Image Courtesy of Verdes Foundation

     A pot farm moving into a residential area? There are many residents who are infuriated by this idea, as well as some who endorse it. By next year, the Verdes Foundation hopes to operate a medical marijuana farm. They plan on growing 100 cannabis plants on a plot of land located in North Corrales. Residents expressed many concerns about the smell, security, and disruption to  the surrounding residential area. Last month, the Corrales city council held a meeting  where a ban on  growing, processing, distributing, and selling cannabis was proposed, put to a vote, then rejected.

     Corrales residents made clear the reasons for this proposed ban. The people living near the lot  complained about the high security there would have to be at the farm. This could include anything from armed security guards to towering walls, but the Verdes Foundation’s website says that the fencing around the farm will “fit the character of the neighborhood” and have a “security alarm system that will be discreet to neighbors.” Their goal is to support the commercial growth of marijuana while still conforming to the local regulations. Other worries concerning light, noise, and smell were put to rest when a representative of the Verdes Foundation, Steven Butterman, said that “there are good practices we can use to mitigate these things”, though he did not offer an example. Another reassurance that the pro-marijuana advocates presented was the fact that there have been other pot farms in Corrales over the past nine years, and none of them have had problems with the light, noise, or smell related concerns that have been voiced.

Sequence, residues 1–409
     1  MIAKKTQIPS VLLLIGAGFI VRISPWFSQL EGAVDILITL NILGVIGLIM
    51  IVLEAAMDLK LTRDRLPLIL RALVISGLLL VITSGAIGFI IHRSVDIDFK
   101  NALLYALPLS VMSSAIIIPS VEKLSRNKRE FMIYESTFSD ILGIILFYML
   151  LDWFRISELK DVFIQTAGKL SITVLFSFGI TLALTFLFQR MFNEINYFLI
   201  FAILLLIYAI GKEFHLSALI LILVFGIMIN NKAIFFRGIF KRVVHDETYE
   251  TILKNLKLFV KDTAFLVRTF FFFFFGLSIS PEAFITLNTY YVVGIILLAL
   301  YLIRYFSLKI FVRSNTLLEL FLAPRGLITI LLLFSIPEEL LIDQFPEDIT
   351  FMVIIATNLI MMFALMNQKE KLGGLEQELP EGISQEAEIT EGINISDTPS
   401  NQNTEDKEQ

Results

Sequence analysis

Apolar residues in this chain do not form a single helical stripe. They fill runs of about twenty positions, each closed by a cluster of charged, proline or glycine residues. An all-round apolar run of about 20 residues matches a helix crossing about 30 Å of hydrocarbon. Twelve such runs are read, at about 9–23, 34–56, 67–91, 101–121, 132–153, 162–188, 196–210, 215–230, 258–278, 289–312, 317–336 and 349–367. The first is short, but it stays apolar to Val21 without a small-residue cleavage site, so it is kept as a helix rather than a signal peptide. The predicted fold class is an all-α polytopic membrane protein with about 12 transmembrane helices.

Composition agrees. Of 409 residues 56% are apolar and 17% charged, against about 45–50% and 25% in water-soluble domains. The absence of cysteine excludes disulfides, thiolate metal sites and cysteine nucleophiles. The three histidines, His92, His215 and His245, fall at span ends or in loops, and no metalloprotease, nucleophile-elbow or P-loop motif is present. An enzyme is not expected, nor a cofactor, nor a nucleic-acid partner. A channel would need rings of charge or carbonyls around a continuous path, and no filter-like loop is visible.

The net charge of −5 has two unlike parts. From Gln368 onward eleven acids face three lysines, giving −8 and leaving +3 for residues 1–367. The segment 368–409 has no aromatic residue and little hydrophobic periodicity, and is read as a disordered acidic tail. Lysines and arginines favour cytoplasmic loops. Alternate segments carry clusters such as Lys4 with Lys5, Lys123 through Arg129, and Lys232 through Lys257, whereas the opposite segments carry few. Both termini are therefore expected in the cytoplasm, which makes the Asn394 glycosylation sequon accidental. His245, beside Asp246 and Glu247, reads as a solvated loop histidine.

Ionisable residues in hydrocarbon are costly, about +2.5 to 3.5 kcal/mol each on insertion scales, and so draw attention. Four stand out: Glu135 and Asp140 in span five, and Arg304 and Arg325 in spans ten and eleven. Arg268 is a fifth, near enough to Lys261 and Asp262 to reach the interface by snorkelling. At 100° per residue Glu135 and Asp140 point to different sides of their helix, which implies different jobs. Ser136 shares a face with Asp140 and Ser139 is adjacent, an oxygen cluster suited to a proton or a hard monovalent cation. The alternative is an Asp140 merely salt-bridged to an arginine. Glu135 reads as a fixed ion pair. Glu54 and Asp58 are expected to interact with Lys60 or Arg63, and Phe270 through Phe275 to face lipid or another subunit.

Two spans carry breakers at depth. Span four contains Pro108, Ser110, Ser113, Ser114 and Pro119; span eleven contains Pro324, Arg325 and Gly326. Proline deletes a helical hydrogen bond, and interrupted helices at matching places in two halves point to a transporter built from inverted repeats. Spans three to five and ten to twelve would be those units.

In support of the the Verdes Foundation, the pro-pot farm citizens argued that the cultivating of marijuana would help keep the agricultural community alive. Instead of the ban, another ordinance was proposed restricting cannabis farming to the commercial zone in Corrales. However, residents are also apprehensive about  a more hypothetical problem. They are concerned that the acceptance of marijuana into the agricultural community would lead to the future legalization of recreational cannabis use. Councilor George Wright said that Corrales is in the path of a “cannabis tsunami” that began with the legalization in Colorado. Despite this councilor’s concerns, the ban was still vetoed. At the end of this packed city council meeting, the Verdes Foundation was granted permission to cultivate cannabis on the piece of land in north Corrales. They plan to move in next spring.

About The Author

Leave a Reply

Your email address will not be published.